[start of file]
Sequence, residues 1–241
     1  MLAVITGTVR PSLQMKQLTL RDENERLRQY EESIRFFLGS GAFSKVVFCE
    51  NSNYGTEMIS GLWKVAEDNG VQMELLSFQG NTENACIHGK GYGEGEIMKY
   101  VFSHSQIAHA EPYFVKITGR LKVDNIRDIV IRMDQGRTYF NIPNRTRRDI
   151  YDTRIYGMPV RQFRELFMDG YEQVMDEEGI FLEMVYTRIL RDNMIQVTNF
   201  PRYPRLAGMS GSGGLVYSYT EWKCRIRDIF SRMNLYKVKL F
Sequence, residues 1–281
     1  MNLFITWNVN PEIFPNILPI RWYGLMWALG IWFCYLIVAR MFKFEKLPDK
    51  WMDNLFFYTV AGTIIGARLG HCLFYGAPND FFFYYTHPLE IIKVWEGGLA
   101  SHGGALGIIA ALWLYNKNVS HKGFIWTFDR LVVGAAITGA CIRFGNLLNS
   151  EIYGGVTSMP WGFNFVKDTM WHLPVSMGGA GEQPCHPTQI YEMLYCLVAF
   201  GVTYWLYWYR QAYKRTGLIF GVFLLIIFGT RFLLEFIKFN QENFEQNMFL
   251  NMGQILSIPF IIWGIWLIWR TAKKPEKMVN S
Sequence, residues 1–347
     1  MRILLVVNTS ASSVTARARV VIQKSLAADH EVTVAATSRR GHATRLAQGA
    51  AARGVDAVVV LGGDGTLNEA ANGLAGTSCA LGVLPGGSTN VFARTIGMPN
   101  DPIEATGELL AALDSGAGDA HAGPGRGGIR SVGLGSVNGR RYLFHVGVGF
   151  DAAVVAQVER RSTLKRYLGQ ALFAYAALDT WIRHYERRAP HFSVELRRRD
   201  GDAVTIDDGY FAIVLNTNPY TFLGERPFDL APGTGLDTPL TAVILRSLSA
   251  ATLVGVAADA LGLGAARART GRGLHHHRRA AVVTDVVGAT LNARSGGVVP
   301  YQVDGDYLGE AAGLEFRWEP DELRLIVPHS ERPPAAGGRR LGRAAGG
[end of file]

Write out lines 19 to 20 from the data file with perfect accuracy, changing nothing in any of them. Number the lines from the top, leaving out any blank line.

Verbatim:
   201  GDAVTIDDGY FAIVLNTNPY TFLGERPFDL APGTGLDTPL TAVILRSLSA
   251  ATLVGVAADA LGLGAARART GRGLHHHRRA AVVTDVVGAT LNARSGGVVP